Also Korean avoids many homophones thanks to it's 10 vowels. Japanese has 5.
A bit like English "packed" being written with "-ed" even if it sounds identical to "pact". Helps disambiguation.
(Actually, come to think of it, it's rather analogous to the Japanese way of maintaining the same Kanji while the suffix changes.)
Koreans did have an old writing system made of Chinese characters, where some were used for meaning and others were used to denote Korean suffixes with a similar sound (kinda like how Hiragana started out, I guess). But it eventually died out.
In other "dialects", such as Cantonese or Teochew, the characters are pronounced as 7 or distinct syllables, with 6 different tones, leaving more than 20 distinct pronunciations.
Mandarin has very few available syllables compared to other languages (not only, say, English, but also older Chinese "dialects").
主 = 主シュウ
集 = 木シュウ
终 = 幺シュウ
州 = 川シュウ
衆 = 血シュウ
就 = 京シュウ
秋 = 禾シュウ
收 = 又シュウ
週 = 辶シュウ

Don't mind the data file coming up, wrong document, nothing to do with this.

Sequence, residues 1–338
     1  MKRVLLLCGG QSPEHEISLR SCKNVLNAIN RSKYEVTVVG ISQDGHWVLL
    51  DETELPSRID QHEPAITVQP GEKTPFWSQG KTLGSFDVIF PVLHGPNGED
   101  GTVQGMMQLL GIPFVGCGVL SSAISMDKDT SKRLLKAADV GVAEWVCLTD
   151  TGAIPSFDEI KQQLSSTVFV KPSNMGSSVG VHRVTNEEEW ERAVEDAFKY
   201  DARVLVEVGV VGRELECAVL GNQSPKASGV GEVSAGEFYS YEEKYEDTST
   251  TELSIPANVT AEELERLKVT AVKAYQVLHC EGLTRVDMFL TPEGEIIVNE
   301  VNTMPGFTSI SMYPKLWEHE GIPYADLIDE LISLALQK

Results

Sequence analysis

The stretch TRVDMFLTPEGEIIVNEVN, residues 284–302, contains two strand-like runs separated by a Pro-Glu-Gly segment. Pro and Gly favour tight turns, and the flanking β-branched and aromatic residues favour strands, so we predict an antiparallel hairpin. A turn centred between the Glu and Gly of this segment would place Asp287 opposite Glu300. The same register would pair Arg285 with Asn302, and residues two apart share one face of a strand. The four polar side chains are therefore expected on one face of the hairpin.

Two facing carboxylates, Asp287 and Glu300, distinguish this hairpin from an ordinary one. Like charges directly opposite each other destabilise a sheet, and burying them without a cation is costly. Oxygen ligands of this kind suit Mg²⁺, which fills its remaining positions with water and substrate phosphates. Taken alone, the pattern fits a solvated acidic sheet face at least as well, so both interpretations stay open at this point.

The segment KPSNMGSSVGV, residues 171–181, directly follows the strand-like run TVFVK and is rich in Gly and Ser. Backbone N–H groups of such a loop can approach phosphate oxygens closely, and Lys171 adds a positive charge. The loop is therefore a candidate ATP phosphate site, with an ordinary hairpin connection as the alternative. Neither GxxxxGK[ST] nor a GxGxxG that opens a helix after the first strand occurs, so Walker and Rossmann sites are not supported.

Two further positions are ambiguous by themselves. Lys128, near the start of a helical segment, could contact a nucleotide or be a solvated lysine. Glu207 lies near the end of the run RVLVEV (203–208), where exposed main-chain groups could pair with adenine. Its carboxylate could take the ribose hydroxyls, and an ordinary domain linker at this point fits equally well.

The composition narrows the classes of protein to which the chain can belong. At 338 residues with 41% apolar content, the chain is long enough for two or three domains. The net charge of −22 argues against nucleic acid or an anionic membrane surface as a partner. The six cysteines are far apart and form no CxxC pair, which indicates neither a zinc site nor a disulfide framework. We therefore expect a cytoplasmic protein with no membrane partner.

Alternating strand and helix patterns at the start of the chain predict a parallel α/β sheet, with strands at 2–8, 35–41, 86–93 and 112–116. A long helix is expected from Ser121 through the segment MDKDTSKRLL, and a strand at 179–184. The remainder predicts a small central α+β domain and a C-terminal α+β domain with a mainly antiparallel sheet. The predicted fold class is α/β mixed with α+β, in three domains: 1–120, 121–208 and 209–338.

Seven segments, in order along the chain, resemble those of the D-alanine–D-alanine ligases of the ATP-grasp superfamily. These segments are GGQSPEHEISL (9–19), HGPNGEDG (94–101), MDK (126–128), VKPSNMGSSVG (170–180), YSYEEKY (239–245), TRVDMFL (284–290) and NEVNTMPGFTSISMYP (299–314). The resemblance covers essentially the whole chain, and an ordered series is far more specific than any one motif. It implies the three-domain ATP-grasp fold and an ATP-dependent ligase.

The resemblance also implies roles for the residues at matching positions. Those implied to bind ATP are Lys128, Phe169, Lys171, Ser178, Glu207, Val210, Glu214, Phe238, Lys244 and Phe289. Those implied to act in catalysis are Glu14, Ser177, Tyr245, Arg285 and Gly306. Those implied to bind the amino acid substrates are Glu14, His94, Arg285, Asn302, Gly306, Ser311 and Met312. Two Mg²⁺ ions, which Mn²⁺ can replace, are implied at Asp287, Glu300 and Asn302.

周 = 周シュウ
宗 = 宗シュウ
修 = 彡シュウ
習 = 白シュウ
執 = 幸シュウ
秀 = 乃シュウ
渋 = 氵シュウ
拾 = 扌シュウ
袭 = 衣シュウ
捜 = 扌シュウ
祝 = 礻シュウ
Furthermore, people use simpler language when speaking then when writing.
In Chinese, which has even more homophones, it is quite difficult to tease out the meaning of a passage written phonetically (in hanyu pinyin). When speaking and there is a word out of context (such as a name), it is necessary to explicitly disambiguate by putting the word in a common phrase or describing the characters constituent parts. For instance, I would introduce my self as "Zhe as in 'philosophy', Hao which is 'sun' on top of 'sky'".
Modern Japanese could learn a few lessons from hangul imo.